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Publishing and Running ASP.NET Core Applications with IIS

November 6, 2019 16:47

Publishing and Running ASP.NET Core Applications with IIS

Class ASP.NET

https://weblog.west-wind.com/posts/2016/Jun/06/Publishing-and-Running-ASPNET-Core-Applications-with-IIS

Hosting ASP.NET on IIS

ASP.NET Core Applications with IIS

ASP.NET Core IIS Hosting

As of ASP.NET Core 2.2 IIS Hosting does support a new InProcess hosting mechanism. A seperate post describes the details of In Process/Out of Process hosting.

The AspNetCoreModule has to be installed on your server and is part of the ASP.NET Core Server Hosting Bundle.

The ASPNetCoreModule interfaces ASP.NET Core Console Applications

Here's what the web.config looks like:

<?xml version="1.0" encoding="utf-8"?>
<configuration>
  <!--
    Configure your application settings in appsettings.json. Learn more at http://go.microsoft.com/fwlink/?LinkId=786380
  -->
  <system.webServer>
    <handlers>
      <add name="aspNetCore" path="*" verb="*"
        modules="AspNetCoreModule" resourceType="Unspecified" />
    </handlers>
    <aspNetCore processPath="dotnet"
                arguments=".\AlbumViewerNetCore.dll" 
                stdoutLogEnabled="false" 
                stdoutLogFile=".\logs\stdout" 
                forwardWindowsAuthToken="false" />
  </system.webServer>
</configuration>

You can see that module references dotnetexe and the compiled entry point DLL that holds your Main method in your .NET Core application.

You can also provide an optional section for Environment Variables if you were explicitly configuring various configuration startup environment settings.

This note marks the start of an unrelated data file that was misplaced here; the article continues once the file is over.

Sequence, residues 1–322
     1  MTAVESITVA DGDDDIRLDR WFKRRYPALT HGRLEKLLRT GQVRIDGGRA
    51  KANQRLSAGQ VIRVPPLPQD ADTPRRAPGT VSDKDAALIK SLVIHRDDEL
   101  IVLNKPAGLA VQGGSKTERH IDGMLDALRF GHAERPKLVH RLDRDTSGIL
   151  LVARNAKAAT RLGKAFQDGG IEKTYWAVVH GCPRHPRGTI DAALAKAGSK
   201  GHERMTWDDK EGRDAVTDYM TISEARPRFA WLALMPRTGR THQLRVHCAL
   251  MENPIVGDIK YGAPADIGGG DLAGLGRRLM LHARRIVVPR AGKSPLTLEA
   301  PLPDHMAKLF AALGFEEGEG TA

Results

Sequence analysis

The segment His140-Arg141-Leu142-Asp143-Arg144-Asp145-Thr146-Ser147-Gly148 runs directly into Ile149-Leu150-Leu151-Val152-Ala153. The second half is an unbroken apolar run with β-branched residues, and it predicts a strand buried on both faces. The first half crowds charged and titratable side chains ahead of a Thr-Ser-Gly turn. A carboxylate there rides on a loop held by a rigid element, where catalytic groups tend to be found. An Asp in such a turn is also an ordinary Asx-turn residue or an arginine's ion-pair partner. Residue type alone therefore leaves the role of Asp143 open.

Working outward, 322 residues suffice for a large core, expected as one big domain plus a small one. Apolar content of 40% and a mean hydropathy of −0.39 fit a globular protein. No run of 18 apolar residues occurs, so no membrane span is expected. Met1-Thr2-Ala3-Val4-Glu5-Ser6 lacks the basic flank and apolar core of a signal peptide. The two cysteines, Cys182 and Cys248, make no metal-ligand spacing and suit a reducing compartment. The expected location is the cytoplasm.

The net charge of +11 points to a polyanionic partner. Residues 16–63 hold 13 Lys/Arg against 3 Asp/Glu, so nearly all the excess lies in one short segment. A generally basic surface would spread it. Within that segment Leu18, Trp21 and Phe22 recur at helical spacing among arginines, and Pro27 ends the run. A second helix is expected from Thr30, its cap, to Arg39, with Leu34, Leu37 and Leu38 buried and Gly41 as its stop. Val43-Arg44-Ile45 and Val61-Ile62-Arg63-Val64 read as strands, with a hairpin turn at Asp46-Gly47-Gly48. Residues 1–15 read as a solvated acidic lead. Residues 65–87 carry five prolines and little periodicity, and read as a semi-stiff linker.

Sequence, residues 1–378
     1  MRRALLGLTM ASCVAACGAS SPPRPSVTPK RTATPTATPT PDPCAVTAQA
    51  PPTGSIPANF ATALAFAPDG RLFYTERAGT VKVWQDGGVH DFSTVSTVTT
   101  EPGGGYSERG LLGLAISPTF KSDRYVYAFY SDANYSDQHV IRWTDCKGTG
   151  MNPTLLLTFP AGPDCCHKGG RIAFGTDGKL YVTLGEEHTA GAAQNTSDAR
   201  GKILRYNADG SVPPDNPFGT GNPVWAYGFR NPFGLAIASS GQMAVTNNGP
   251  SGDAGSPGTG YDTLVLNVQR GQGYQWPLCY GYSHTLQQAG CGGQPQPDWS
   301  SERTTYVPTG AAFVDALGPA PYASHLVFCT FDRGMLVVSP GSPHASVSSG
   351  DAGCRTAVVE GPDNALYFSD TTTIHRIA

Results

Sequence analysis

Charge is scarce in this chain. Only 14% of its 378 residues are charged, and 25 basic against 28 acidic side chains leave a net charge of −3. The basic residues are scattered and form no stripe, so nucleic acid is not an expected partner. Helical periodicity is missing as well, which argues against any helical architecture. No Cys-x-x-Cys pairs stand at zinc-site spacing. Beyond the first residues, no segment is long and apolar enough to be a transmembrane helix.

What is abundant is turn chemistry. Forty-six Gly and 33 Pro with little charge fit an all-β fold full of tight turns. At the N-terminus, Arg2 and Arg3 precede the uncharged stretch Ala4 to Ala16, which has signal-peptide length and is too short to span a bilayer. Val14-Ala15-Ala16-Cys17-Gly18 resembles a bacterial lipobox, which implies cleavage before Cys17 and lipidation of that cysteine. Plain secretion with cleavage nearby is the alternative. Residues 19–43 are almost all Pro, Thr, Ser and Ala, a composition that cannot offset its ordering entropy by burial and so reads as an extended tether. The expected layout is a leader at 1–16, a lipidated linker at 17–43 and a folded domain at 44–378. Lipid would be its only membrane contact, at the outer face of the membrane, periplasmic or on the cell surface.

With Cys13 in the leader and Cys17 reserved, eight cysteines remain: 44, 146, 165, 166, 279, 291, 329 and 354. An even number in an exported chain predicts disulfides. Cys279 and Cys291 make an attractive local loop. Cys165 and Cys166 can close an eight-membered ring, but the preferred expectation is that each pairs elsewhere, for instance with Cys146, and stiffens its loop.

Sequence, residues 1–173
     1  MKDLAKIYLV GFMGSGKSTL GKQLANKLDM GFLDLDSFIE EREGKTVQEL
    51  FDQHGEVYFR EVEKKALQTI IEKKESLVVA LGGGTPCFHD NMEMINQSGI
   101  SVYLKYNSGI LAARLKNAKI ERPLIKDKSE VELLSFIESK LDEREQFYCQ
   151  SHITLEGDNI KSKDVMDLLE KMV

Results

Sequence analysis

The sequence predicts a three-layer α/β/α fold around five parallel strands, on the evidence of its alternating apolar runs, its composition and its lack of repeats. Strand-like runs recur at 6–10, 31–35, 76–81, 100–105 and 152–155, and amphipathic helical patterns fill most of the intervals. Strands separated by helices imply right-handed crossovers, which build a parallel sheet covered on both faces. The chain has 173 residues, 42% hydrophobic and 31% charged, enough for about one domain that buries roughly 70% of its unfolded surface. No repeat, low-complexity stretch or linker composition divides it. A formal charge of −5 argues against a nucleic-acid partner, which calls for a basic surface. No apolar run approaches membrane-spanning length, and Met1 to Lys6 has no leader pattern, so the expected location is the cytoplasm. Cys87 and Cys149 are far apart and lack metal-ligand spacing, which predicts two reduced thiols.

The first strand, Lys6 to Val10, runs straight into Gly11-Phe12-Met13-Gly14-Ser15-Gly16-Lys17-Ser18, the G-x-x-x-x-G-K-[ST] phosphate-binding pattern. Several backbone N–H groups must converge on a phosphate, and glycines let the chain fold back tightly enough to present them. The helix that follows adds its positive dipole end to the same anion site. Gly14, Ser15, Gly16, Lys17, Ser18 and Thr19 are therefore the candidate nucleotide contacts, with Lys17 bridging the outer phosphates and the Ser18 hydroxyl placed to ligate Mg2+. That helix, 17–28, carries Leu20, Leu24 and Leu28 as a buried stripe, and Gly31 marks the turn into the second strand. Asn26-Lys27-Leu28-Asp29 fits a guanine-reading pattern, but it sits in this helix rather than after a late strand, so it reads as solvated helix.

xml
<aspNetCore processPath="dotnet"
                arguments=".\AlbumViewerNetCore.dll" 
                stdoutLogEnabled="false" 
                stdoutLogFile=".\logs\stdout" 
                forwardWindowsAuthToken="false">
    <environmentVariables>
        <environmentVariable name="ASPNETCORE_ENVIRONMENT" value="Production" />
        
    </environmentVariables>
</aspNetCore>    

Note that you should use these settings sparingly and rather rely on the configuration settings object which gives you more control. Limit environment variable settings for specific startup options you need to configure the global environment. Otherwise stick to configuration file settings - or on Azure use the application settings to merge values into your config.

IIS Identity and Permissions

You might also have to tweak the IIS App Pool Identity to something other than the default ApplicationPoolIdentity in order to ensure that your application has access to resources it needs to run. I generally start with NETWORKSERVICE and then move to a custom account that matches the actual rights required by the application.

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